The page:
By Jessica Meglio
Senior Recruiter, Turning the Corner, LLC
Recruiters can get a bad rap. I’ve heard of recruiters being criticized for being uncaring, late for scheduled calls, mass messaging people for jobs, poor follow through, being impersonal and unengaged. I get it, I’ve heard it and even experienced a “bad recruiter” before in my own job search. But truth be told, not all recruiters are bad, in fact, I believe that most recruiters are well-meaning individuals who enjoy connecting people to their dream jobs.
What some recruiters lack is a dignified process. Recruiting is a very fast-paced profession. There are many moving parts and to keep on top of it all, you must have strong procedures in place and follow them diligently. Having a defined process creates trusted candidate relationships, stronger client relationships, and benefits the company and the applicant.
When I first get a new requisition, the first thing I do is schedule a time to review the company and job details. This isn’t the typical “what will this person be doing” question. Sure, that comes along at some point, but I am more concerned with what does your company do? What are your company values? What are the unique characteristics that will thrive in your environment? What are your company’s challenges? Successes? What makes your company so great to work for?
Once I have a good understanding of the company background, I ask similar questions about the actual position. What personality traits/skills does this person need? What will be their challenges be? How will you manage this person? My goal is to thoroughly understand the position, what the company needs to be successful, and what they can offer a qualified candidate.
Sometimes Less is More
When it comes to candidate sourcing, I focus on finding quality people who have the strengths and skills our client needs. I message the candidate based on something relevant in their profile and experience. I don’t blast out form letters as many as my recruiter peers, but the messages I send out get replies because they are relevant and personal to the candidate. Similarly, I am selective about who I interview. They have to meet the mark in several areas before I schedule time with them. Being more selective attracts better applicants for our clients.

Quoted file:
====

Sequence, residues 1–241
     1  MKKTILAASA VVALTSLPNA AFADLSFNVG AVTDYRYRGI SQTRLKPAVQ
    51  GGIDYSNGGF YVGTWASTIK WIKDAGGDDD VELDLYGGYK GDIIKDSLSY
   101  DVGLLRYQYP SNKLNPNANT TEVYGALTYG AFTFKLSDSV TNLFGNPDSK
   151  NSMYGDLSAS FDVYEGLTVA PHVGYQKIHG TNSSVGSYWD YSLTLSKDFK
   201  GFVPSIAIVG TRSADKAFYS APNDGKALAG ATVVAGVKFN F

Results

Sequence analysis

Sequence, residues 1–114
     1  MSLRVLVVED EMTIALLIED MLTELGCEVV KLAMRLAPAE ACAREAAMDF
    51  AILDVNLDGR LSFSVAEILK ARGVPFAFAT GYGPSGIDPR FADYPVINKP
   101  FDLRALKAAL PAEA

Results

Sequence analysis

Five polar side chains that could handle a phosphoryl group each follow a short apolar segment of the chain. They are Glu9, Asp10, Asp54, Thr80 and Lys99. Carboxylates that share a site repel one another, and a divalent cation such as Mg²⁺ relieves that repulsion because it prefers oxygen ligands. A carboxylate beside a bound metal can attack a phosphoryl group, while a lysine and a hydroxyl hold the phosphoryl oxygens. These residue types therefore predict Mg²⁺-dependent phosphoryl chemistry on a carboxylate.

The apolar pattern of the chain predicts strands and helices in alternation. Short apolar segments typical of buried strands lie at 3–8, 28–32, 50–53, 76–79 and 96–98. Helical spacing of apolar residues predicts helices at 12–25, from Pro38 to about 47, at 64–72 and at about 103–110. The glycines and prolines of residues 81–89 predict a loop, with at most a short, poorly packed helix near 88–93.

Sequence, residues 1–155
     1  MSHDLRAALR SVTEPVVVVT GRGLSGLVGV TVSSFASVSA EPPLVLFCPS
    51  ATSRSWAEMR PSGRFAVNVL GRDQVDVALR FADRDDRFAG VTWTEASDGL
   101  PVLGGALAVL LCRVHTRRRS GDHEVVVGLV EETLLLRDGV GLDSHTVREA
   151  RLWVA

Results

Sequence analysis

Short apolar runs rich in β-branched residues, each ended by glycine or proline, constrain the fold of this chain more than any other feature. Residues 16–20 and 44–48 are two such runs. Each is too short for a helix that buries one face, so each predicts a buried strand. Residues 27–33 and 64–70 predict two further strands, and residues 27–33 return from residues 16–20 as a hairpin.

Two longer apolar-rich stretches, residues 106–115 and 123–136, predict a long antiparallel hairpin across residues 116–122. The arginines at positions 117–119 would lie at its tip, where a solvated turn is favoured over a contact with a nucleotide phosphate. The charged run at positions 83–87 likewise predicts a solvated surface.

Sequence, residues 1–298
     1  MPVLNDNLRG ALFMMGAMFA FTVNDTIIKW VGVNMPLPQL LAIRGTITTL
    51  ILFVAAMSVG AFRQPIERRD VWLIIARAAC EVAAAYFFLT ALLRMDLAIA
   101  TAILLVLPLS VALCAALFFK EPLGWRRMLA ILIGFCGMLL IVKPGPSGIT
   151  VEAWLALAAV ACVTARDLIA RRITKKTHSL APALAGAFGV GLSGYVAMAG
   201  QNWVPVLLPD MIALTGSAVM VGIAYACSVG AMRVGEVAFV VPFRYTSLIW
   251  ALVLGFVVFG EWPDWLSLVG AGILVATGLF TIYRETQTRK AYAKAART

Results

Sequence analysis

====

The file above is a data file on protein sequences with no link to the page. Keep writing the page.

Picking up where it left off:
Before I ask any job-specific questions in the interview, I take a few minutes to understand what the candidate wants. I’ll ask them “What type of position are you looking for?”, “What is important to you when considering an opportunity?” “What do you need from your manager to be successful”? “What is your ideal environment”? Asking these questions allows me to understand what they need from their job. Additionally, it allows me to understand if their needs align with my client’s needs. It creates an environment where the candidate feels confident that they have a recruiter who is engaged with what they want as well as what our client needs. It’s a two-way street always, and I like to serve as an advocate for both my clients and candidates.
Active job seekers get very frustrated with recruiters when they fail to followup. Understandably so. Communicating with applicants through the recruiting process sets a tone of respect and creates a positive image of our client. I make it a point to reach out to applicants and clients to ensure everyone knows where we are at in the process. In fact, this has led to our clients getting top talent over another company because the applicants feel valuable.
If we decide that a candidate is not a fit, I will connect with them to explain why they were not selected to move forward. I try to give as many details as possible, even if I must deliver a smidge of criticism. Providing candidates with valuable feedback helps them fine-tune their interview strategy and strengthens the relationship between the recruiter and the candidate.
The offer process is yet another part of the recruitment process that can influence the overall candidate experience. The recruiter is the quarterback of this process. The goal is to present an offer that is a win for both the company and candidate. Too many people make offers that won’t be accepted or don’t truly understand what the candidate needs or what the company is presenting with pay, benefits, PTO, and so many variables. An offer that isn’t acceptable to both parties not only is unproductive but wastes valuable time. What the recruiter does or doesn’t do will leave an impression on both the candidate and the client.
To prevent “negotiations” once an offer is extended, I like to get the salary needs upfront. I have an open conversation with my candidates about what they need to strongly consider an opportunity. If they provide a range, I navigate the conversation in such a way to hone in on the number they really want. I will say “So you are okay if I submit your resume in the 80k-85k range?”. I follow up by asking “in the event you do receive an offer, you will accept a salary in the 80k-85k range?”. We discuss other variables such as vacation time, insurance, 401k and equity if applicable. Once I am ready to send a candidate, I spell out to the client what the candidate’s needs are. That way they understand if they like the candidate, they know what they will need to offer if they do indeed move to next step. Understanding this information upfront is essential to avoiding hiccups at the offer table.
We Want to Give Recruiters a Great Reputation
I love being a recruiter and finding great people for fantastic companies. We have developed processes and standards that help our clients find and hire the best applicants while treating candidates with the respect and dignity they deserve. Our goal is to give recruiters a good name and your company the best people to keep moving you forward.
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